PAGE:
Shelter Scotland calls on Glasgow City Council to meet its legal obligation to the city’s rough sleepers
Today [19 August 2019] Shelter Scotland handed in a letter to Glasgow City Council calling on it to end the unlawful practice of denying homeless people temporary accommodation. It cites 3365 instances where homeless people were turned away without being offered a bed for the night. The letter was delivered by a delegation of people who have experienced homelessness.
Shelter Scotland is demanding that Glasgow City Council meet its duties outlined in the Housing Scotland Act (1987). Under Section 28 of the act, if a person applies to a local authority for accommodation the local authority is required to make inquiries on their behalf. Under Section 29(I)a of the same act, if they believe that person to be homeless, they are required to find them temporary accommodation until after inquiries are made.
Tam Lyon was there to hand in the letter. He was previously homeless for six years and claims that when he went to Glasgow City Council for support, he was given two bus tokens and asked to return. It wasn’t until he was assisted by Shelter Scotland’s legal team that he was provided a hotel, and subsequently a temporary flat. Speaking to Commonspace, he said:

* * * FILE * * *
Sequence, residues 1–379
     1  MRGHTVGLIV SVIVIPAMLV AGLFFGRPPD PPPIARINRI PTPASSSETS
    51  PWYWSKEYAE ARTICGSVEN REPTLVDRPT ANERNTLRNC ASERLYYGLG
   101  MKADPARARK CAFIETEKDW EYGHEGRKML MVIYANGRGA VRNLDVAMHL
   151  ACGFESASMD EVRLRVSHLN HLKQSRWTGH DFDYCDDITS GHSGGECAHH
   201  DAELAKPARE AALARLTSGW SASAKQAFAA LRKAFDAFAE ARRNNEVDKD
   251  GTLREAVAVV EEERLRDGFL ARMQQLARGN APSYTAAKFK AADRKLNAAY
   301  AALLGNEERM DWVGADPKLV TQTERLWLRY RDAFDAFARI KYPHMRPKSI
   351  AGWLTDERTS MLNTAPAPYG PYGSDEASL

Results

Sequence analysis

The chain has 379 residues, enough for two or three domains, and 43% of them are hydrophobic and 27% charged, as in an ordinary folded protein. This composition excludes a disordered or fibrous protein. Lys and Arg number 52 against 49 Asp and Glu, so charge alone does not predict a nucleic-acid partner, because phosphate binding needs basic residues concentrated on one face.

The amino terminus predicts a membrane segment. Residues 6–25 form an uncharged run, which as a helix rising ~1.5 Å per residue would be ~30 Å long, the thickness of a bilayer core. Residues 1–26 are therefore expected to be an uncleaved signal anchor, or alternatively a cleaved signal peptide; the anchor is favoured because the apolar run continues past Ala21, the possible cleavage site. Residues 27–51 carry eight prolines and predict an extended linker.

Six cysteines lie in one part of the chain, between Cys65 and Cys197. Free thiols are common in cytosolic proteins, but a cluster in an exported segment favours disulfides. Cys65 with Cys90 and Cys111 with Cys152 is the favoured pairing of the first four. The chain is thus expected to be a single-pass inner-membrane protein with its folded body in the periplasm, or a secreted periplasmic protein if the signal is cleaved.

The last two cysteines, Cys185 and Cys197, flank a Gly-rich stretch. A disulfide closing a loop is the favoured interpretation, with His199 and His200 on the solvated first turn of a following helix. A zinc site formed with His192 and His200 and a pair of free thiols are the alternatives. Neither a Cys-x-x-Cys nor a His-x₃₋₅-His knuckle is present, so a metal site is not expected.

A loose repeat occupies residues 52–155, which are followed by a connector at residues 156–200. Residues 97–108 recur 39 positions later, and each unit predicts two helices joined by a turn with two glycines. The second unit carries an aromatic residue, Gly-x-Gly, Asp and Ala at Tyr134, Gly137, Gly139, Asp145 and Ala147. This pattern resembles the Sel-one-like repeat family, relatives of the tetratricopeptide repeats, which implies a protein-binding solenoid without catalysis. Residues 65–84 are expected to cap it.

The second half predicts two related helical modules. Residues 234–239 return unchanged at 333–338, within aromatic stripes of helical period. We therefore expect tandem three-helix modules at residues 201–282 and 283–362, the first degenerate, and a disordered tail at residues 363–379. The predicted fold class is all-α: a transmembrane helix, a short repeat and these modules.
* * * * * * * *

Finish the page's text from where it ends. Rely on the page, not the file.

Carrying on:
“[Shelter’s legal team] explained that it was illegal the way that they were treating me. I said “could I have done this six months ago?’ and he said ‘you could have done this six years ago’. So for all that time, my rights had been getting taken away from me.”
Director of Shelter Scotland, Graeme Brown told CommonSpace: “Firstly, [Glasgow City Council] refuse to acknowledge that they have a problem. Secondly, they say that they’re taking action to do something about it. The figures themselves show that they have not been taking effective action, people are still being turned away and denied their statutory rights… It’s time to take action.”
A Glasgow City Council spokesman said: “It is untrue to state that 47 people died on the streets of Glasgow in a year, and Shelter know it. Their own letter also accepts that there may have been over reporting in Glasgow which demonstrates they know their accusation of gatekeeping is also untrue.
“As they are well aware, there are significant pressures on our homelessness accommodation service and we are working with the Scottish Housing Regulator and partners in the third and housing sectors to tackle these challenges.
“Rather than raising money for court action – it would be helpful if Shelter worked constructively with us, to tackle the pressing issue of homelessness. We share a common aim and threats of legal action are an unhelpful distraction to this crucial work.”
Shelter Scotland are calling on the public to support their move to #StandUpForJustice by donating to the crowdfund campaign, and signing the petition telling Glasgow City Council to stop breaking the law.
The issue of homelessness in Scotland will be the topic of this week’s The CommonSpace Show – out this Friday.